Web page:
Mevlut Mert Altintas: Turkish policeman who shot Russia's envoy
Mevlut Mert Atlintas shouted phrases in broken Arabic in the seconds after he shot dead Russian ambassador to Turkey, Andrei Karlov.
He quoted an Islamic teaching referring to jihad: "We are the ones who pledged loyalty to [the Prophet] Muhammad to fight jihad as long as we live."
He also shouted "Allahu Akbar," or "God is great".
Switching to native-sounding Turkish, he then said: "Don't forget about Syria, don't forget about Aleppo. All those who participate in this tyranny will be held accountable."
Ankara riot policeman
He was identified by Interior Minister Suleyman Soylu as a 22-year-old policeman.
He said Altintas was born on 24 June 1994 in in the town of Soke in quiet, conservative Aydin province in western Turkey, and attended police college in the coastal city of Izmir to the north.
He had been working in Ankara's riot police department for two-and-a-half years but was apparently on leave at the time of his attack.
What investigators have to decide is whether he was motivated by the destruction of eastern Aleppo, or was part of a wider plot to derail relations with Russia.
Unconfirmed reports said he had been suspended for several weeks until mid-November because of suspected links to the plotters behind Turkey's failed July coup. Pro-government media produced a document showing he had also taken three days' leave immediately after the coup.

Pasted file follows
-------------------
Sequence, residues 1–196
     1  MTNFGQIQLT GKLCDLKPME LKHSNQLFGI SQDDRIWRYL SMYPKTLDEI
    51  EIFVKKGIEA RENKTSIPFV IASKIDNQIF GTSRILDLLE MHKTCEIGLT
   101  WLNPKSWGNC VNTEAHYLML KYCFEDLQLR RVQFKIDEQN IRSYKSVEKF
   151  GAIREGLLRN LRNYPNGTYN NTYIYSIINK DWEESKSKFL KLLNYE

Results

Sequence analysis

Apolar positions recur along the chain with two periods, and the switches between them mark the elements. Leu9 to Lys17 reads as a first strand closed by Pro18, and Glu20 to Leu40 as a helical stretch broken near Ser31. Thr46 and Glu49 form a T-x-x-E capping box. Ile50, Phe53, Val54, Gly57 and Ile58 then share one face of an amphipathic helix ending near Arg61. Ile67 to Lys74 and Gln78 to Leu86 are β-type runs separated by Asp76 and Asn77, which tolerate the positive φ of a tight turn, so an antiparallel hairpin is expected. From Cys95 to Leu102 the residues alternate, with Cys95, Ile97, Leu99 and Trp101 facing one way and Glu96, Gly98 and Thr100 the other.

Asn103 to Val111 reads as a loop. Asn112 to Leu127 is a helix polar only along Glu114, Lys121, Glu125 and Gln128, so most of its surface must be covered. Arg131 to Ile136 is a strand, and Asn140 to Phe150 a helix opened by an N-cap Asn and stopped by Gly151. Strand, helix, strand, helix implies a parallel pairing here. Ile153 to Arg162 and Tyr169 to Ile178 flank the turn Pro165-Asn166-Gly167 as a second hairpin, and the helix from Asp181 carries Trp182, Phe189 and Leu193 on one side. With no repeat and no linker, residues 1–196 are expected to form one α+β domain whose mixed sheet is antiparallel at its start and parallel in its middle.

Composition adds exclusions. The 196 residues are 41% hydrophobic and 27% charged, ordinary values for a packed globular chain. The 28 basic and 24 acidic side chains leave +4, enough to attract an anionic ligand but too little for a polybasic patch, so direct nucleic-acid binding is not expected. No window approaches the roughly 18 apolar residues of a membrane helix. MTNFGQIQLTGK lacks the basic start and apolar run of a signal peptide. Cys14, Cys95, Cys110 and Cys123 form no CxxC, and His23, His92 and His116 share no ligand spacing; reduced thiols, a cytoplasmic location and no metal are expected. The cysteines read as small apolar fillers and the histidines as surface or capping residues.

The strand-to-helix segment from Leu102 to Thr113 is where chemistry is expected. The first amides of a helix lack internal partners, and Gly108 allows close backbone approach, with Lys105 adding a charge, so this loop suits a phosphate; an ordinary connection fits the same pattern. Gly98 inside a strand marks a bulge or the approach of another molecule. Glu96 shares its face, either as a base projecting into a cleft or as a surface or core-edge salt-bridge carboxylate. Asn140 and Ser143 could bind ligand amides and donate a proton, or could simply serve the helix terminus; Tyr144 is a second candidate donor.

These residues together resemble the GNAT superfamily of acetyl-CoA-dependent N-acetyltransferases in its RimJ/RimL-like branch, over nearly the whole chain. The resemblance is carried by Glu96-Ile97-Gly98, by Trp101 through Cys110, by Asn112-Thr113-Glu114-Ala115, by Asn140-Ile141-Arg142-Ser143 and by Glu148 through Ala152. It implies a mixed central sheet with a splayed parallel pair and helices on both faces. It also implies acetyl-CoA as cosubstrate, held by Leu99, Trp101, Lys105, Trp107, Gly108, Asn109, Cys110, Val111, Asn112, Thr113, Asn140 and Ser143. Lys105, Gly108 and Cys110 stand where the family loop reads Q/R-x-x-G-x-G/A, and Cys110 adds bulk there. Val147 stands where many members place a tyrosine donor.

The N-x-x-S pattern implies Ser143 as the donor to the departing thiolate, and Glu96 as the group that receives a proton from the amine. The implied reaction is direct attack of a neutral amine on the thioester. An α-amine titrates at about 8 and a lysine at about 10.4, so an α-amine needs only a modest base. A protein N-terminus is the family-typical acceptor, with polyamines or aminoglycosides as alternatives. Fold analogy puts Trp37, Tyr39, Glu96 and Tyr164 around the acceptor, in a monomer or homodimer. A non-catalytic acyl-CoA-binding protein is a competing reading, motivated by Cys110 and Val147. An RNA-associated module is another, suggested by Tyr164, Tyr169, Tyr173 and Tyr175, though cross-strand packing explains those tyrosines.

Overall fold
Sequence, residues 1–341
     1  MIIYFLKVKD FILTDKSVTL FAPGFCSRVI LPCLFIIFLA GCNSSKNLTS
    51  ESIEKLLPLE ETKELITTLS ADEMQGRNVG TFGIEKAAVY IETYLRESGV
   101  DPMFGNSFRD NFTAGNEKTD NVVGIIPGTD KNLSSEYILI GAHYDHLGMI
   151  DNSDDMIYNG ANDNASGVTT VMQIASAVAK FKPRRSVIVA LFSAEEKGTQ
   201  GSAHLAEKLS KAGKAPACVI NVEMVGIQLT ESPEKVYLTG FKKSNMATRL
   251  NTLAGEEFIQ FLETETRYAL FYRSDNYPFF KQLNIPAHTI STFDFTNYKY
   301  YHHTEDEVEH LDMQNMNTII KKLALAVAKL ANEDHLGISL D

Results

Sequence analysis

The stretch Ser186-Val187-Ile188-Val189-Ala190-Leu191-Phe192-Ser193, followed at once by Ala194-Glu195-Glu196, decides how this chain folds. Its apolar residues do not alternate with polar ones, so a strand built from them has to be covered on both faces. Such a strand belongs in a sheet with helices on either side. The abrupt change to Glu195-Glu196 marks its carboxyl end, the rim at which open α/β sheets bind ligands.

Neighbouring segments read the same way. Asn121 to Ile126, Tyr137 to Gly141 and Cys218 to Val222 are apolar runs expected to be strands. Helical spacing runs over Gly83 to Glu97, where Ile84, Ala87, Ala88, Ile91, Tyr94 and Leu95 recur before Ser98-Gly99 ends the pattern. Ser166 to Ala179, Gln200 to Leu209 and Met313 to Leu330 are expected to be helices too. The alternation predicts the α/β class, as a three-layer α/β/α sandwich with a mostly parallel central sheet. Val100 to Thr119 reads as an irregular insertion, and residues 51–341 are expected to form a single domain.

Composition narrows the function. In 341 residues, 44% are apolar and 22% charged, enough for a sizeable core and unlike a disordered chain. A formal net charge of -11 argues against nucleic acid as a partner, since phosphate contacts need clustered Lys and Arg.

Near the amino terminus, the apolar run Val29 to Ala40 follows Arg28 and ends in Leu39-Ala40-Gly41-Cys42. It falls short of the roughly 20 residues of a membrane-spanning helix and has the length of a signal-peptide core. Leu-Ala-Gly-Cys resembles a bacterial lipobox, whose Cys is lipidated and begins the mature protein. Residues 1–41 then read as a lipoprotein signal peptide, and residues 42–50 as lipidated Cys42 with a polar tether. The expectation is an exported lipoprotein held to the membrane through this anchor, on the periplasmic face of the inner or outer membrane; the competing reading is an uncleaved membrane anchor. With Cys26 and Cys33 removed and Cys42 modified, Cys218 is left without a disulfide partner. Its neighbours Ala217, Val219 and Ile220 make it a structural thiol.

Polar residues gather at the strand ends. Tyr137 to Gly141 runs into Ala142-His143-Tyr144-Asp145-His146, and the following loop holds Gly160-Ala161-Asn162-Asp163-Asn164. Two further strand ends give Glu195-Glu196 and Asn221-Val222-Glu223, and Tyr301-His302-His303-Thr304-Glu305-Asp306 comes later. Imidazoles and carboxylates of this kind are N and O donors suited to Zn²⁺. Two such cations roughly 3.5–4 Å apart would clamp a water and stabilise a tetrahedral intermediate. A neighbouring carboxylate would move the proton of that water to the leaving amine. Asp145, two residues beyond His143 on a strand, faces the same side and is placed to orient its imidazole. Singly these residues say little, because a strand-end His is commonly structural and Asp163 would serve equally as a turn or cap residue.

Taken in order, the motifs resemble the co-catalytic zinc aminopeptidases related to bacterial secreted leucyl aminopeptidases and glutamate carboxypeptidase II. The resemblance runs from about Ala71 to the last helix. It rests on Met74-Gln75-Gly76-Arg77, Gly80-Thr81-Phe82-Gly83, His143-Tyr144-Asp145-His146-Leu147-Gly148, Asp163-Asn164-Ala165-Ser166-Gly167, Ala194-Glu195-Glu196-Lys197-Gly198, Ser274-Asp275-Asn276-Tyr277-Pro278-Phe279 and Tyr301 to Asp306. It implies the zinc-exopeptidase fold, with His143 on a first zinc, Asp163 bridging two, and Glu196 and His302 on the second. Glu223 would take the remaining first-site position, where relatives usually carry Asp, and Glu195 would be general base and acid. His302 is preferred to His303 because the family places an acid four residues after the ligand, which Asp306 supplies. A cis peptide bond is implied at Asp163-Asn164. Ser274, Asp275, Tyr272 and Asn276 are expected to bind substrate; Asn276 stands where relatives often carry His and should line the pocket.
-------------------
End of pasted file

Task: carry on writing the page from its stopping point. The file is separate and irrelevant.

Altintas shaved and put on a suit and tie in a nearby hotel he was staying at prior to Monday's attack.
He set off a metal detector on entering the exhibition, but was waved through after showing his official police ID.
He is pictured standing behind the ambassador just before launching the attack at about 19:05 local time (16:05 GMT). He fired 11 times, nine times at the ambassador and twice in the air.
After he shot the ambassador and terrified onlookers, he refused to surrender and exchanged fire with police for about 15 minutes before they shot him dead.
Family members including his father, mother and sister were then immediately detained for questioning at their homes in Soke.
Outspoken Ankara mayor Melih Gokcek said on his Twitter account that Atlintas may have had links to the movement of US-based Islamic cleric Fethullah Gulen.
However, the Gulenists have condemned the attack on the Russian ambassador and rejected any links to the attacker.
And although reports of potential links have begun to emerge, none has been proven.